Columbia’s One Tribe organization presents ‘Tunnel of Oppression’ to raise awareness

By Shardae Smith

Guests who visit Columbia’s first “Tunnel of Oppression” might find walls inked with homophobic rants and tables filled with pictures of hate crime suicide victims, which fill the room as students yell racial slurs at spectators.

One Tribe, a collective group of members from the college’s student organizations, put its spin on a national program aimed at creating an interactive environment in which visitors are subjected to various types of discrimination. “Tunnel of Oppression” will take place on March 1 and 2 from 4 – 9 p.m. in the Multicultural Affairs Office, 618 S. Michigan Ave. Building.

During the event, groups will be led through a series of rooms and engaged in a full sensory experiential manner. The demonstration will feature interactive demonstrations, videos, sounds, images and role playing—some of which include explicit language that may be deemed offensive.

According to Laila Alchaar, coordinator of Asian-American Cultural Affairs at Columbia, the event will explore topics such as racism, sexism, gender identity

and homophobia.

“It’s kind of like a haunted house,” Alchaar said. “It’s scary, but it’s definitely scary in a different way. It’s an interactive process, and you just won’t be going through it watching it; you might be put into a scene.”

Alchaar said One Tribe’s mission is to touch on subjects not happening globally but cultural issues students experience on campus. She said it’s a way to “create change” on campus. Though all sensitive subjects won’t be explored, it’s an “eye-opening” presentation that challenges ideas and perceptions of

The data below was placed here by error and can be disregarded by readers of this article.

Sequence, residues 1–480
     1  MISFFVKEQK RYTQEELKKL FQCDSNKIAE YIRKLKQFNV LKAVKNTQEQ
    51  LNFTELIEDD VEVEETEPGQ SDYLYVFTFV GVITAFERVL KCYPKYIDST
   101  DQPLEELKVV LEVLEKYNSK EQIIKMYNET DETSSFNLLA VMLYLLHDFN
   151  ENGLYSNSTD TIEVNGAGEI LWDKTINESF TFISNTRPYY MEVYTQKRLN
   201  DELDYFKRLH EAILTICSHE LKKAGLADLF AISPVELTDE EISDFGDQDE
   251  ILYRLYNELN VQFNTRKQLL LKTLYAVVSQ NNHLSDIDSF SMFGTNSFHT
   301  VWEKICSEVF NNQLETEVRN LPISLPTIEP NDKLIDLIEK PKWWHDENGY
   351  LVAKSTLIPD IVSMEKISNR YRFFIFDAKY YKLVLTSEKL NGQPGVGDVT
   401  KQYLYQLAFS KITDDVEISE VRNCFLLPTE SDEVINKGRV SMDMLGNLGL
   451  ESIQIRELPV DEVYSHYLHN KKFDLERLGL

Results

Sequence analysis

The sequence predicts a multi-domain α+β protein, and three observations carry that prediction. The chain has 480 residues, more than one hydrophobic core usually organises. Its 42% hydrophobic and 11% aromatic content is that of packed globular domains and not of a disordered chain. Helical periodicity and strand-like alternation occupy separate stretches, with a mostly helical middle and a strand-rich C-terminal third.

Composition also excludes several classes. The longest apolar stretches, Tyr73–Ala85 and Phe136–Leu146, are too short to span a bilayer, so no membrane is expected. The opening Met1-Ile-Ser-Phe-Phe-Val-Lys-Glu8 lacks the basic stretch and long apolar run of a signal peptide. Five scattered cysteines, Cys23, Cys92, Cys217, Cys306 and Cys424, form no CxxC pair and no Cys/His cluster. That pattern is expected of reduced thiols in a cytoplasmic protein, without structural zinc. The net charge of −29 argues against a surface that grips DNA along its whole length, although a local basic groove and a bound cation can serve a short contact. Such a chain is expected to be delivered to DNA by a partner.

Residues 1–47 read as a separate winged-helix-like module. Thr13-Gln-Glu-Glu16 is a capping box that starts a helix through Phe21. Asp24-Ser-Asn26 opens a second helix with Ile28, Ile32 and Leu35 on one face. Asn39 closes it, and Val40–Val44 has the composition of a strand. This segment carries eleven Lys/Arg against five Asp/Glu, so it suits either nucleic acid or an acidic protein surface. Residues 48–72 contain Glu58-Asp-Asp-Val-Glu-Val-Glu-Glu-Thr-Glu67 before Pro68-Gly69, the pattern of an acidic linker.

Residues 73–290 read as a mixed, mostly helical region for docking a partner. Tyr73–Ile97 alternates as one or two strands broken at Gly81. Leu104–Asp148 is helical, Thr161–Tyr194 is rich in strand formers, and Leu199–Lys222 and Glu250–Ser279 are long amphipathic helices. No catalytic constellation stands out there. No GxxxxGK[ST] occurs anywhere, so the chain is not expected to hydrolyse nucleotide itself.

other people.

“Tunnel of Oppression” started in 1993 as a grassroots initiative at Western Illinois University in Macomb, Ill. It’s loosely based on the Museum of Tolerance in Los Angeles as a stepping stone toward creating diversity, awareness and tolerance, according to Columbia’s website.

Freshman marketing communications major Tillman Liggins said he wants to show others how people are oppressed and make them aware of what’s going on.

“Our goal is for people to speak up about things happening,” Liggins said. “A lot of things go under the radar and aren’t detected.”

In a promotional video, members of One Tribe said they think the graphic, real-life situation presentations will help those who learn best from first-hand experiences and become more aware.

Junior cultural studies major and Asian Student Organization President Alison Davino said she became involved with the event because it was a great outlet for everything upsetting her.

“I felt there [are] a lot of diversity issues in Columbia that aren’t really being talked about, and ‘Tunnel’ was a great way to talk about them,” Divino said.

She said a misconception others have about the “Tunnel of Oppression” is the presenting group points the finger and blames other people for their emotions.

“It’s a learning experience,” Divino said. “It’s for people to go around and see how people’s experiences are different and for them to see and form connections within their lives. It shouldn’t be something deemed negative.”

Once groups are led through the tunnel, they are encouraged to express their experience through guided conversation co-sponsored by Columbia’s Counseling Services.

Liggins said he hopes people will begin speaking up about what’s going on within the college community after experiencing “Tunnel of Oppression.”

“These are our stories,” Liggins said. “There’s nothing made up about them. These are situations we experience on our own, [and] we’re also experiencing them here at Columbia.”

Those interested in participating in “Tunnel of Oppression” are encouraged to RSVP at